Scotland: Bank Jobs And Higher Prices Warning

Scottish shoppers have been warned by major retailers they face higher prices if they vote for independence next week.

Asda and John Lewis said the increased costs of operating in an independent Scotland would inevitably be passed on to the consumer.

Their warnings come after banks and insurers said they would head for the exit door were Scotland to break away from the rest of the UK.

A day of bad news for the Yes campaign continued when the International Monetary Fund (IMF) said a vote for independence could have a negative effect on the markets in the short-term because of “uncertainty”.

On the potential rise in costs for consumers if Scotland left the UK, Asda CEO Andy Clarke said: “If we were no longer to operate in one state with one market and – broadly – one set of rules, our business model would inevitably become more complex. We would have to reflect our cost to operate here.

“This is not an argument for or against independence, it is simply an honest recognition of the costs that change could bring. For us the customer is always right and this important decision is in their hands.”

Asda has 61 stores and depots and serves two million customers each week in Scotland.

Mr Clarke’s comments came shortly after John Lewis chairman Sir Charlie Mayfield warned a vote for independence would come with “consequences”.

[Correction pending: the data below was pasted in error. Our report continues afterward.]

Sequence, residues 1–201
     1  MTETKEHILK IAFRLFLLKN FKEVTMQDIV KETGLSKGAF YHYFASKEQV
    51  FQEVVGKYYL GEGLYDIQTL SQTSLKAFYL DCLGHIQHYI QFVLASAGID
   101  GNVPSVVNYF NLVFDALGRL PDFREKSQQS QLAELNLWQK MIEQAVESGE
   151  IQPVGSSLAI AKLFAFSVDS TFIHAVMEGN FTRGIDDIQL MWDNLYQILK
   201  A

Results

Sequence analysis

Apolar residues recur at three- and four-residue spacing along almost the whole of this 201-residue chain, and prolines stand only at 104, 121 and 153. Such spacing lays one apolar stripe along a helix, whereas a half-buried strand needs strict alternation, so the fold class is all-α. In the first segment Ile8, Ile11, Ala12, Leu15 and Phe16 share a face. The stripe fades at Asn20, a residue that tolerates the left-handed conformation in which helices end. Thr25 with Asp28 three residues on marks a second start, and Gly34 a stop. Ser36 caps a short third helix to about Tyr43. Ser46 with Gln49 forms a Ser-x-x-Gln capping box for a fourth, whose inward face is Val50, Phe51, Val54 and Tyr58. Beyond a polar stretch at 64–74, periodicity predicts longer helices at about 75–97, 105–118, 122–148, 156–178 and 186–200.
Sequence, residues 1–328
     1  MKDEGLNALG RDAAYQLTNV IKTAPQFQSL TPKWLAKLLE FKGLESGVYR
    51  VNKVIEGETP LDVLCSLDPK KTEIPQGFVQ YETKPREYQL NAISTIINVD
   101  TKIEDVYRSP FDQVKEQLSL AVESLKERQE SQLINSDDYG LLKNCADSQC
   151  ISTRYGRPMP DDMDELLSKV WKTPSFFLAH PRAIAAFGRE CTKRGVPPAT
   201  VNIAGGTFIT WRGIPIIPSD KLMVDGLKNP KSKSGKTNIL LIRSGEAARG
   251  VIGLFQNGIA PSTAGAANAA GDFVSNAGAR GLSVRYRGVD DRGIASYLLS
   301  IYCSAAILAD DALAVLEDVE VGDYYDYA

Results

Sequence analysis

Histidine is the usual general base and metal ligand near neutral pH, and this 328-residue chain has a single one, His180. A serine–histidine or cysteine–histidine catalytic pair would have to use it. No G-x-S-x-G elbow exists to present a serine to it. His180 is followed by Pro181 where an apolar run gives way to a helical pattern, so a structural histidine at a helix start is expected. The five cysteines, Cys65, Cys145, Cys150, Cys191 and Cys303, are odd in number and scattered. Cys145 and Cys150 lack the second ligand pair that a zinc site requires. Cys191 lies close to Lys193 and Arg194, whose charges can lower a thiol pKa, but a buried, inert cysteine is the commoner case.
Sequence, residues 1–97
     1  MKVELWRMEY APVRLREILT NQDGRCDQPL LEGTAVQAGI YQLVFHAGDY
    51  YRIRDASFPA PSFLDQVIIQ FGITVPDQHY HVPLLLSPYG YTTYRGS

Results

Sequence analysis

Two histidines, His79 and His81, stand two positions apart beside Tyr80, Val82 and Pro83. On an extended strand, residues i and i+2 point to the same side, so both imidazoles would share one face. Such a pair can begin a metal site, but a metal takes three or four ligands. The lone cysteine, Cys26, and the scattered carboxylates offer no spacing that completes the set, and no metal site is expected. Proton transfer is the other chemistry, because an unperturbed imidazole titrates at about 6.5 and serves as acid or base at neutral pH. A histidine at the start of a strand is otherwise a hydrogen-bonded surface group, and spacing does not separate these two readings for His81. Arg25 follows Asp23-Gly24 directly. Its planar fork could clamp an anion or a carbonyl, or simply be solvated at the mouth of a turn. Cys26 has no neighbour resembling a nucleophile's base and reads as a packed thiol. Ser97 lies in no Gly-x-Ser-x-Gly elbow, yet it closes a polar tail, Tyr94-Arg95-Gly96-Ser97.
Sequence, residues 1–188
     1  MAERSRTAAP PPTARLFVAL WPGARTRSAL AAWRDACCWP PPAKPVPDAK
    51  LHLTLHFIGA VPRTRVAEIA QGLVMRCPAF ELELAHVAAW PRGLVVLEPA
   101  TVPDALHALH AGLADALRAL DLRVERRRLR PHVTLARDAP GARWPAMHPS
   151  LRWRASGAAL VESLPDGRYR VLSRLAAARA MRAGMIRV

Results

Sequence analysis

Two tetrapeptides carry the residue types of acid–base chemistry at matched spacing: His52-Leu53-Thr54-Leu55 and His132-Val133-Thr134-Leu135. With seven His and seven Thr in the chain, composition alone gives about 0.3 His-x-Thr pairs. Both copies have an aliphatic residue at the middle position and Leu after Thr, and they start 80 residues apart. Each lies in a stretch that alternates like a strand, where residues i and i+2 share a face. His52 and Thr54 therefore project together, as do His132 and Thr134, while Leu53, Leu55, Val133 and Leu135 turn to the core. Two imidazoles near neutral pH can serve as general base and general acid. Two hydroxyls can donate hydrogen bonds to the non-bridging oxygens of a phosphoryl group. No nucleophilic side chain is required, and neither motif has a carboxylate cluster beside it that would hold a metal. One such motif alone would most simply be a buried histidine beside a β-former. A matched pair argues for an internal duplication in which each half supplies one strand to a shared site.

He said: “From a business perspective there will be economic consequences to a Yes vote, not just in uncertainty but some of the turmoil we are hearing about.

“And it is also the case that it does cost more money to trade in parts of Scotland and therefore those hard costs, in the event of a Yes vote, are more likely to be passed on.”

Former prime minister Gordon Brown said Scotland’s First Minister, Alex Salmond, could not continue to ignore the warnings of retailers, oil companies and the financial services sector.

He said: “John Lewis has warned about prices and many other supermarkets are going to say the same. The oil companies have warned about cuts in investment, which will affect jobs in Scotland.”

A day to relish for the No campaign started when RBS, which has been based in Scotland since 1727 and employs 11,500 people there, confirmed it would be moving its headquarters to London if Scotland voted for independence.

RBS said it had made the decision because there were a “number of material uncertainties arising from the Scottish referendum vote which could have a bearing on the bank’s credit ratings”.

Mr Salmond has said the move would not affect jobs. However, it is widely expected it would mean some redundancies.

He demanded the Government investigated a “Treasury leak” of the RBS plans to the press on Wednesday night, before the official announcement was made on Thursday morning.

In a letter to David Cameron, Mr Salmond called on the Prime Minister to explain “what appears to be a deliberate attempt to cause uncertainty in the financial markets”.

Clydesdale Bank has also confirmed it would be re-registering in England if voters opted for independence, and Standard Life, which employs 5,000 in Scotland, said it would move some operations south of the border.

Meanwhile, more than 4.2 million people have registered to vote in the referendum. This equates to 97% of the electorate – the highest figure since 1984.

A Survation survey poll found 53% of Scottish people were expected to vote no to independence, while 47% would vote yes – this was unchanged from August 28.

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11 September 2014 | 7:23 pm – Source:

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